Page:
Train Whistles

A quick post tonight – just relating an interesting observation that I made about train whistles.

I set outside and work any time the weather is fair. And in doing so I often hear one of the local trains in the distance blowing their whistle as they cross at an intersection. I realized one day that if you listen carefully, you can tell which direction they’re going – toward you or away from you – according to the sound of their whistle. Now obviously, there’s the Doppler effect, so that the sound of their whistle is higher pitch if the train is coming towards you and the lower pitch if the train is going away from you. But the Doppler effect by itself isn’t that helpful because you (or I at least) don’t have perfect pitch and don’t know what the normal pitch of a train whistle should be.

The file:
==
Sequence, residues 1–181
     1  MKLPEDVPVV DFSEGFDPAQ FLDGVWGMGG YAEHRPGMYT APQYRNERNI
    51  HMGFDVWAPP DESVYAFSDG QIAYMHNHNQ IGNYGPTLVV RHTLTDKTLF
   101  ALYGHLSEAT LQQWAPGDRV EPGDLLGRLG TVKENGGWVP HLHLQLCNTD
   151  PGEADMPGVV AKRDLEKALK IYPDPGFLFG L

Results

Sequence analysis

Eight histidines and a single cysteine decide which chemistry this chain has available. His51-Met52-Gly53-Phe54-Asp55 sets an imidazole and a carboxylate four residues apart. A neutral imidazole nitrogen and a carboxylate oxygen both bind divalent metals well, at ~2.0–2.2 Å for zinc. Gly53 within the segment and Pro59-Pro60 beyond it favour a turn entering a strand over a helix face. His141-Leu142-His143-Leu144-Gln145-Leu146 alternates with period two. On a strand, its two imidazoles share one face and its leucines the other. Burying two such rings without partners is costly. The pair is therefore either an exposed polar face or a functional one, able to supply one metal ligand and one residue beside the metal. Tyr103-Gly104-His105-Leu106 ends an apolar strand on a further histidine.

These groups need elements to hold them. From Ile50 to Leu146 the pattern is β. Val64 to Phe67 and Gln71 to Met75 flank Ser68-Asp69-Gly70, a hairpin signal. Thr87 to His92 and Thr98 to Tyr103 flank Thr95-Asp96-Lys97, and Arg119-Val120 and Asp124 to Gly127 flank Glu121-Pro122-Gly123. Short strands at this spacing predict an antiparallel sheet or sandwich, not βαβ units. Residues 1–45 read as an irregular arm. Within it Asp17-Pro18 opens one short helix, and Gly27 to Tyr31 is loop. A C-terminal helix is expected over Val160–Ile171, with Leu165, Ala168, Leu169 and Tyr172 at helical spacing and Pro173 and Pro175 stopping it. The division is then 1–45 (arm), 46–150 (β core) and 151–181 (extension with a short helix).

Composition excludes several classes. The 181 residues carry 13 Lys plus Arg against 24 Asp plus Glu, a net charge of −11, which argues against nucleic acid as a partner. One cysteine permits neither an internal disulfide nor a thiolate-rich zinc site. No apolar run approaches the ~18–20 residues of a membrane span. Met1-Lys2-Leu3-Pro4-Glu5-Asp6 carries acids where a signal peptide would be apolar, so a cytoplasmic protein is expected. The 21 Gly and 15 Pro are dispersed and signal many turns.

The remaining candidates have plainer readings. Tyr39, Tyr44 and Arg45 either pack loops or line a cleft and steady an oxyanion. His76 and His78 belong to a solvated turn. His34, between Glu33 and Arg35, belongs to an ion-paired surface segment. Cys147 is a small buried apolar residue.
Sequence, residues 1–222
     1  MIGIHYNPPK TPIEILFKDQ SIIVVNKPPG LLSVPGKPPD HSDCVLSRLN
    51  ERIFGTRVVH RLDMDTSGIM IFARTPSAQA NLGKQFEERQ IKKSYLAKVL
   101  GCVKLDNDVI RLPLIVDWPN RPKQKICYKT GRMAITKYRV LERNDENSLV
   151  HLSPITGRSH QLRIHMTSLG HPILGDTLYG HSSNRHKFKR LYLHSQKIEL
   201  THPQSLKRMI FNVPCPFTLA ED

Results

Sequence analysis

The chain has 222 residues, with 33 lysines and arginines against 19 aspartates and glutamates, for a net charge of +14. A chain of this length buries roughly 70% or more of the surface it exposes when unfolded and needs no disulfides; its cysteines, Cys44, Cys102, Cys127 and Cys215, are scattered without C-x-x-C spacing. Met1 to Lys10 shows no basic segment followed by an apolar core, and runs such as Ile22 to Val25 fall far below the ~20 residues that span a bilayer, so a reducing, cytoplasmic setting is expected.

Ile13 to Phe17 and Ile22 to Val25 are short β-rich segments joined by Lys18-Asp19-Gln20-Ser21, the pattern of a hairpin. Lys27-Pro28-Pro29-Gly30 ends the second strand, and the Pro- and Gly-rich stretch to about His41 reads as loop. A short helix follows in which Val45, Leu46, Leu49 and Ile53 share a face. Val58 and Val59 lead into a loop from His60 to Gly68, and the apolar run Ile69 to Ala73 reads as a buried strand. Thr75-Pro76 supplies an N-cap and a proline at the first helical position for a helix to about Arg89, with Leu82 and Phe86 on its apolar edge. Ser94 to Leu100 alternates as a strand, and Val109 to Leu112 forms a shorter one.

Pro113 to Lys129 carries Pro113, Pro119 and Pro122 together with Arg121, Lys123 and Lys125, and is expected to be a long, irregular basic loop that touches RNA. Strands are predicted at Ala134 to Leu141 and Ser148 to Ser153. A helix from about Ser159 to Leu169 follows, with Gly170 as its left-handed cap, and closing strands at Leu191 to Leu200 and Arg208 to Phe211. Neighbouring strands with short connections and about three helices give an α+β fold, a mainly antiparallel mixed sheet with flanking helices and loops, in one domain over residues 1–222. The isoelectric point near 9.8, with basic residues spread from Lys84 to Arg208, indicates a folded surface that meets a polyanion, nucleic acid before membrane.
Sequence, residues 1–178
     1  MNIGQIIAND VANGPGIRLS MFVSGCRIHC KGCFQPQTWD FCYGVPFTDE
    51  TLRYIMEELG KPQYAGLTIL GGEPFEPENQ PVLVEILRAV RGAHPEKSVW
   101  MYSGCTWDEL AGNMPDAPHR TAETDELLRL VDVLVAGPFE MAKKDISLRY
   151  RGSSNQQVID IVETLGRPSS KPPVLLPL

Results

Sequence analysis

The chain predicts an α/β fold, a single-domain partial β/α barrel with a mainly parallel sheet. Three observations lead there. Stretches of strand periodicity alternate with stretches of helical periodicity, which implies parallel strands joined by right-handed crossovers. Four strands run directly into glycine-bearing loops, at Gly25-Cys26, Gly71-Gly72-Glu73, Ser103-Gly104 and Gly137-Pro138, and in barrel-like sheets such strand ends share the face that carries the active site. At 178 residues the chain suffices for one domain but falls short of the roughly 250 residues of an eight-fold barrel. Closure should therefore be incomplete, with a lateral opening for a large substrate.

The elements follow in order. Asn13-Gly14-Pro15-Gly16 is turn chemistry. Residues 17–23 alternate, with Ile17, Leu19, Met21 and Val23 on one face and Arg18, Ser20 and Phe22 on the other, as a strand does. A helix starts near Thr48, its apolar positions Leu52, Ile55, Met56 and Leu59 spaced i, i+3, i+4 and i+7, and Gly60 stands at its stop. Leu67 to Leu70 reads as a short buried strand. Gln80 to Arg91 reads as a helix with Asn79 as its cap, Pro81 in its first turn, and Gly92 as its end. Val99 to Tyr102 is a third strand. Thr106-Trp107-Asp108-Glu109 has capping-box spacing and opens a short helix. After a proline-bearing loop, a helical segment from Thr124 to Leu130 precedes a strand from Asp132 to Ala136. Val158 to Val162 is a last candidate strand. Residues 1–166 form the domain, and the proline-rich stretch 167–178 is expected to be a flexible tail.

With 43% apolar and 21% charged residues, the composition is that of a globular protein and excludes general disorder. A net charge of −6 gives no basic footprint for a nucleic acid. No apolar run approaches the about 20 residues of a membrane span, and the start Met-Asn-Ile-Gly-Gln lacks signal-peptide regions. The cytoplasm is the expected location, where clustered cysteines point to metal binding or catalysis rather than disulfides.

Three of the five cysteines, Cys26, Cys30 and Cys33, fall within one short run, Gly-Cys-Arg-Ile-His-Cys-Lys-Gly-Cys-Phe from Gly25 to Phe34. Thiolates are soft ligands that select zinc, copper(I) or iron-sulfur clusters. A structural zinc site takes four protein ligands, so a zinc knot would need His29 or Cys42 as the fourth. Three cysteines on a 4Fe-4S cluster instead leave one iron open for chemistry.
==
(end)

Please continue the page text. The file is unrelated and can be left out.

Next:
However, if you compare the sound of the train whistle to it’s echo then you can tell. If the echo is deeper than the train whistle, then the train is approaching. If the echo is higher than the train whistle, then the train is moving away. How’s this work? Look at my handy little graphic here:

The effect is due to the Doppler effect. The sound waves of the whistle stack up in front of the train and make a higher frequency sound. The sound behind the train is lower because the waves get spread out. And the echo will always be the sound from the other side.

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